April is upon us; the Indian summer will soon sear the land and wheat harvest will commence in full measure in Punjab & Haryana, while it has already begun in other parts of the country. Other than that, we do not yet know what will come next. As wheat is procured under the central government’s MSP program, the onus lies with the government to assuage the unease of the states and the farmers that harvest will beginon time, procurement will happen, stocks will be lifted and payments received as in the years past. A delay in harvesting or lifting of food stocks in the mandi also amplifies farmers’ risk of produce being damaged due to anticipated unseasonal rains. In case the process is delayed, the government must assure farmers it will, if required compensate and extend the wheat procurement season.
Closure of markets has created anxiety amongst farmers as cereals, fruit and vegetables are ready for harvest across the county. Particularly, the poultry industry is severely hit. These need to be permitted for transportation to functioning mandisto reach consumers. The lockdown has curtailed the supply chain. Allowing movement of tractors and labour between villages will ensure that harvesting isn’t impacted and supply chains can resume.
Over the past two days, it’s evident that standard operating procedures for continuity of supply chains and farm operations in a National Disaster Management Authority framework are missing for ground level administrators to fall back upon. Therefore, multiple confusing notifications by the centre and the state will continuously be issued throughout the lockdown, as it had happened previously with a botched GST rollout. Lack of clarity within the establishment and lack of credible communication by the central and state governments is making farmers anxious about farm operations. Hue and cry by farmers resulted in seeds and pesticide sales being added to the list of essential commodities and rightly so, other issues too are slowly being resolved. These recently notified changes are not reflecting on the ground and farmers continue to suffer.
A black swan event like coronavirus, could not have come at a worse time for India as our economy was already deaccelerating. Understandably India’s arsenal to respond economically stood depleted because of past policies, but the present relief package is wanting in greater depth and direction that is expected from democratically elected representatives. To understand the stimulus, a context is necessary.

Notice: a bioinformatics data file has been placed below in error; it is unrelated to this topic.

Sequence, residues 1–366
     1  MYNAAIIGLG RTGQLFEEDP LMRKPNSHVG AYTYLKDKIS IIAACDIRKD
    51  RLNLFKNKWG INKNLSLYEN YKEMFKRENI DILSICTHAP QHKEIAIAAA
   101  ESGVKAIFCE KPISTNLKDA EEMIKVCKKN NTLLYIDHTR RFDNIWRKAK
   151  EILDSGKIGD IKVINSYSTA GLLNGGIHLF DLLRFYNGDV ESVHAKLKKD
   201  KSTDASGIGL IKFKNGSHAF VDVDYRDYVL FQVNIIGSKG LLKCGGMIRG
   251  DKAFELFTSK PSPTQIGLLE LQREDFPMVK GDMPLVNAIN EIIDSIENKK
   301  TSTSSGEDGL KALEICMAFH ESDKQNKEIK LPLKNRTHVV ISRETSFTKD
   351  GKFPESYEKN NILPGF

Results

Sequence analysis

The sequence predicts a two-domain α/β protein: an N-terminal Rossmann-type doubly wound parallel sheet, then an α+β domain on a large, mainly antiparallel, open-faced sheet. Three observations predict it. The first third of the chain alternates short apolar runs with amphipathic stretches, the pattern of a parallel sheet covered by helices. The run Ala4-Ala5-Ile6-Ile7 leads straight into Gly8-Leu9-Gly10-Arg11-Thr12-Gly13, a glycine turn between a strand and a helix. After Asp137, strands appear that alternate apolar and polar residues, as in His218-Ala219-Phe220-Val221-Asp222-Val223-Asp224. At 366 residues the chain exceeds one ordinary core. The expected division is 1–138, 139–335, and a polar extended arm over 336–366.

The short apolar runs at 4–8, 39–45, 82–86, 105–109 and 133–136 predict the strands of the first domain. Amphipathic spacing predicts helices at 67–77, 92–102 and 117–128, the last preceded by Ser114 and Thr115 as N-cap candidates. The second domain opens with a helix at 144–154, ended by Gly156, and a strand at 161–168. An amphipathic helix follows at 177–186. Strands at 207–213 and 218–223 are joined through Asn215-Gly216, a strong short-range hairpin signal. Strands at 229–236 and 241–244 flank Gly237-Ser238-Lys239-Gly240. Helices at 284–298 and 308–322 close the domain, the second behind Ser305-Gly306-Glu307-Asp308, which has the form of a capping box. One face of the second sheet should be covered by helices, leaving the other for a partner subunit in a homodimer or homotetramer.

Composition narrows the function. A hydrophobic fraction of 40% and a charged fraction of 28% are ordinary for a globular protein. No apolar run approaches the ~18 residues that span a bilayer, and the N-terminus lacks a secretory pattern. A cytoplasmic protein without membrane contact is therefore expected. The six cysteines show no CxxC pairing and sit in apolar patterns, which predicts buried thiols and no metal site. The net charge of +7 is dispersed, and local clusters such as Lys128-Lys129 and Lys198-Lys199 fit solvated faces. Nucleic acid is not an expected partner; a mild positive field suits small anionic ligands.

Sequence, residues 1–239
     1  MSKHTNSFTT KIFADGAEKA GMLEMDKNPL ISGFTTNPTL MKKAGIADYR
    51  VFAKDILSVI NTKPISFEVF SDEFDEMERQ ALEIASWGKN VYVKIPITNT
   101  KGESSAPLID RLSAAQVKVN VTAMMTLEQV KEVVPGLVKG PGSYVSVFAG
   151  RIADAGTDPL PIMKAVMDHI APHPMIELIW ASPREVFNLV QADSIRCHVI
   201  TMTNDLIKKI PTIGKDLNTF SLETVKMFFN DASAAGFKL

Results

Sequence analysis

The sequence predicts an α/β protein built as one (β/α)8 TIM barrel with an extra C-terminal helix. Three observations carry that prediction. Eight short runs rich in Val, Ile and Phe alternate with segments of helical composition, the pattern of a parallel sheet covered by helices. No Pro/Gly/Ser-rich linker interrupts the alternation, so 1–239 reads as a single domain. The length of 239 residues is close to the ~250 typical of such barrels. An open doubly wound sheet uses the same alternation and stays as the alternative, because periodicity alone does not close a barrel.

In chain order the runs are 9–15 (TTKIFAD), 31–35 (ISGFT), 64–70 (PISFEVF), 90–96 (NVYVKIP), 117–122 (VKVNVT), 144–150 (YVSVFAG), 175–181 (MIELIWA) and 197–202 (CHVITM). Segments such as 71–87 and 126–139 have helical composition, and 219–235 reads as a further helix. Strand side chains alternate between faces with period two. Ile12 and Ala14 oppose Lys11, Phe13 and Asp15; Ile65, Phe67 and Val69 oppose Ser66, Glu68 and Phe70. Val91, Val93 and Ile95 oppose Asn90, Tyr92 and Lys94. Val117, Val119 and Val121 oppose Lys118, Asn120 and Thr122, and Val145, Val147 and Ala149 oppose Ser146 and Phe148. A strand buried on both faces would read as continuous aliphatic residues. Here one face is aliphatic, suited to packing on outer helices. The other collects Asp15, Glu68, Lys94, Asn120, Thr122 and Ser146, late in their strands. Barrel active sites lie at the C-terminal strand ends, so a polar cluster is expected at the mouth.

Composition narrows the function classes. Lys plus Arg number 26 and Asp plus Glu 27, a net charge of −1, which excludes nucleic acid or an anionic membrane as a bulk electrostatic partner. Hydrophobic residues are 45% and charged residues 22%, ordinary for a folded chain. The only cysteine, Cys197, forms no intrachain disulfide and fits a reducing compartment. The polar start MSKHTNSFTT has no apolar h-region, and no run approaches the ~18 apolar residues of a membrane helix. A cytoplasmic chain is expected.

Today every farmer is paying tax on diesel consumption of up-to Rs. 2,300 per acre depending on their practice. Over the last 6 years, total tax collection on account of diesel consumption by farmers for agricultural use would have been about Rs. 1 Lakh crores.
The Rs 1.70 lakh crore stimulus is not what it appears to be, its possibly half the size of the announced quantum. Even though price of crude has halved since October 2019, the common man is paying an extra Rs. 35 per LPG cylinder.Consumers are being forced to pay higher prices for essential commodities, as profiteers begin to cash in on the supply chain disruption. This negates the benefits of cash transfers or free Gas cylinders to BPL families.
The average annual days of employment provided per household under the MGNREGA is about 45 and not 100 as claimed. Like Punjab which gives Rs.240 per day wages under MGNREGA, more than half the states were already committed to give more than the hiked wages of Rs.202. Further, due to the lockdown, work under the scheme has come to a standstill everywhere, thus the Rs 20-increase in MNREGA wages is only an eyewash. Instead of assuring availability of 100 day of work on demand under MNREGAand that farmers will receive the promised MSP for once, the bureaucracy hoodwinked the union cabinet to get assurances of timely release of their own salaries. Ideally, the govt should have credited 30 days of advance wages to all those who have availed of the MGNREGA last year, to be adjusted over work done in the coming six months.
Unprecedented circumstances require bold and swift decisions. Announcement under PM Kisan is only about releasing outstanding dues. The government should double the PM Kisan payments to Rs.12,000 annually for this year. Distribution of grains to 80 crore people is commendable but it will remain a mystery why it wasn’t announced & distributed in February when the crisis was on the horizon, FCI storages were overflowing and there was no space to store the new crop due in April. Transferring three monthlyinstalments of Rs.500 each to 20 crore women in Jhandan accounts is good targeting of resources but amounts to less than two days of minimum wages per month. Though, providing Rs.2,000 to 3 crore senior citizens and socially marginalized sections is a compassionate step.
The RBI has to create money and directly provide people with purchasing power and should be announcing to waive off interest of farm loans and rescheduling of loan payments. Now the hope is that the government will quickly transfer money to the beneficiaries. Issues of red tape have to be overcome for it is not time to fear errors of inclusion, but it’s time to seriously worry about errors of exclusion. Farmers have wholeheartedly voted for the PM twice; it is the time he reciprocated the feelings and returned the favour. Every season has an end for a harvest to begin.
This article first appeared in the print edition on March 28, 2020 under the title “Just halfway there”. The writer is chairman, Bharat Krishak Samaj.
Opinion | For the farmer, things to do
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